Does gay culture make us all into Peter Pan?

3 months ago — 3 min read — No Comments
By Tris Reid-Smith

From Peter Pan to Catcher in the Rye, society has long been interested in the idea of eternal youth, particularly for those who feel alienated.

The latest debate about gay culture that caught people’s attention started, as so often these days, with a tweet.

A guy called ‘Introvert Gay’ tweeted: ‘Gay culture is being a teenager when you’re 30 because your teenage years were not yours to live.’

60,000 likes and 12,000 re-tweets later, GSN took a look at people’s feedback.

Several people had gone on Twitter to express similar sentiments. One guy said he was in tears when Introvert Gay put into words how he was feeling.

He had obviously struck a chord.

Of course, it’s not a new concept. From Peter Pan to Catcher in the Rye, we’ve long been obsessed with the idea of eternal youth. And that’s particularly true for those of us who are alienated from adulthood or society generally. Obviously, that alienation appears more common among LGBTIs who are excluded from the mainstream.

But is this really the definition of ‘gay culture’?

My own experience is limited, just as everyone’s is. But I have plenty of straight friends who try to relive their youth. There’s a reason we joke about people having a midlife crisis and buying a sports car.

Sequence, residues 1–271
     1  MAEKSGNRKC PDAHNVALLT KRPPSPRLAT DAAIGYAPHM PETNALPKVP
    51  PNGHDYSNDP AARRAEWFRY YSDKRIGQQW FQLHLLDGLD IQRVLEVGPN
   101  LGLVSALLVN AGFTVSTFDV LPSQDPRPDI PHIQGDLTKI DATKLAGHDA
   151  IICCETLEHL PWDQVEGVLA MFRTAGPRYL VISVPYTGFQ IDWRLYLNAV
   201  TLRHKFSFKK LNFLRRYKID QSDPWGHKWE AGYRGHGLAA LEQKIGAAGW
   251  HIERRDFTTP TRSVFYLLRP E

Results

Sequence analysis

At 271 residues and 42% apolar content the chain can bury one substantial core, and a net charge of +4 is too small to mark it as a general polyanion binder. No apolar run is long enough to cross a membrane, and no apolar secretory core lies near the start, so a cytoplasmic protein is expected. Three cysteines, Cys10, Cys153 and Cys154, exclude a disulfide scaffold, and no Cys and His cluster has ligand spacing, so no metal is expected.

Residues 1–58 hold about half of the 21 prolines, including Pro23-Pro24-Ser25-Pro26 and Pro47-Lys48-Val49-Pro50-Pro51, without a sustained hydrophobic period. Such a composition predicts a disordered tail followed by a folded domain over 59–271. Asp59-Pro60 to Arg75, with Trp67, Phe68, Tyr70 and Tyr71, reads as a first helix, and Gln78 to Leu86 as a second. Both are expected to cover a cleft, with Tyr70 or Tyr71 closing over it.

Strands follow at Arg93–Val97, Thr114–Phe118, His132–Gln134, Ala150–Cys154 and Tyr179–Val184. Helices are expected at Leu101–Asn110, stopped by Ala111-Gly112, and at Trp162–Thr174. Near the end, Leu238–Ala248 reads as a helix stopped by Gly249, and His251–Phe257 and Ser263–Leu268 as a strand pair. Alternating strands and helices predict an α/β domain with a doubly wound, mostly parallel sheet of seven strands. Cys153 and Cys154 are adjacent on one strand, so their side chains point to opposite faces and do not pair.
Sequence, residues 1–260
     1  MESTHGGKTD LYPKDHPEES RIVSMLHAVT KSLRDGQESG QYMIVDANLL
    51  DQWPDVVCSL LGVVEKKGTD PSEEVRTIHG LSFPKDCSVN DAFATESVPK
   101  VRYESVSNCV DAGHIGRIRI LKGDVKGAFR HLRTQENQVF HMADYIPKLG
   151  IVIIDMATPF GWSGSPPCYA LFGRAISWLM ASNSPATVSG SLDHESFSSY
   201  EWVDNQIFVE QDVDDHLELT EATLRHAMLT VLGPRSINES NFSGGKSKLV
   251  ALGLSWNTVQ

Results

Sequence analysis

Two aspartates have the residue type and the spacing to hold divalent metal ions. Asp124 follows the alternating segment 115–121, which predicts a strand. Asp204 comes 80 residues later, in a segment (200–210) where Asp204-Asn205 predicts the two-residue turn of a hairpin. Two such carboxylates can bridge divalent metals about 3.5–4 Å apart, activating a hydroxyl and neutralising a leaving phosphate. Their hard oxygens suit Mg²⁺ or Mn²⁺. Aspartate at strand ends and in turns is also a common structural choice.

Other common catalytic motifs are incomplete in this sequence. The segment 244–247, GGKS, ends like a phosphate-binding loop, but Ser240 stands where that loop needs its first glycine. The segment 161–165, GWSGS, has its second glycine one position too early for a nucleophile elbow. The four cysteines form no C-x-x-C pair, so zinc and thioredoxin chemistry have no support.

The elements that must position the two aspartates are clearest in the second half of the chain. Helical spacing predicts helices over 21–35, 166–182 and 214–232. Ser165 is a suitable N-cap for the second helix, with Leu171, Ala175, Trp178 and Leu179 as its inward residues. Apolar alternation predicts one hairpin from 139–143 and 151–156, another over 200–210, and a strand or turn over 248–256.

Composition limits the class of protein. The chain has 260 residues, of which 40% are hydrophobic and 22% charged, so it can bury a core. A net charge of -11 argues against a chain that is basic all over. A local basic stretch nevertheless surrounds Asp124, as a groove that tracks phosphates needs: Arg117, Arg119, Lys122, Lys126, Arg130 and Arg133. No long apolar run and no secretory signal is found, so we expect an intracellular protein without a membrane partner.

Adulthood comes with plenty of opportunities to do and have what you’ve always wanted, free of the limitations of youth – be they practical or financial.

I also think recent decades have seen more blurring of the lines between adulthood and youth in any case. The old view can be seen in the words of the Bible (1 Corinthians, chapter 13): ‘When I became a man, I put away childish things.’

Luckily, we’ve moved on. As people have learnt to assert their individuality over society’s expectations, we’ve become more accustomed to the idea that some adults like comic books or Lego or Disney – and we’ve accepted that’s fine. I’d also argue adults dress more like teens than they did in the past – and vice versa.

Some of our readers commented under the Gay Star News article. And I found their take on it pretty instructive, summarising my own range of thinking:

Sam from Montana, US said: ‘The difference is that until equal marriage, we didn’t have the perks of grown up life, so there was no point in aspiring to it.’

But Robert from Sussex, England commented: ‘So right, I am 63 and act in so many ways like a 30 year old because my teens and young adulthood were not free.’

I’m pretty sure Introvert Gay probably didn’t mean his comment entirely literally. Eternal teenagehood is not the sole definition of ‘gay culture’. By any standards, our culture could be argued to encompass Tchaikovsky, Michelangelo and Shakespeare too, so it’s hardly 100% infantile.

But I do hope he’s right about it in one way. I want our LGBTI community to be a place everyone is able to be themselves and express themselves as they wish. We all need to think ‘young’ and let go of our responsibilities sometimes. And if being part of gay culture can help free our minds and spirits sometimes, that’s just one more amazing thing we should love about it.

Read more stories from Gay Star News here.

Photo credit: © Epicstock | Dreamtime

 

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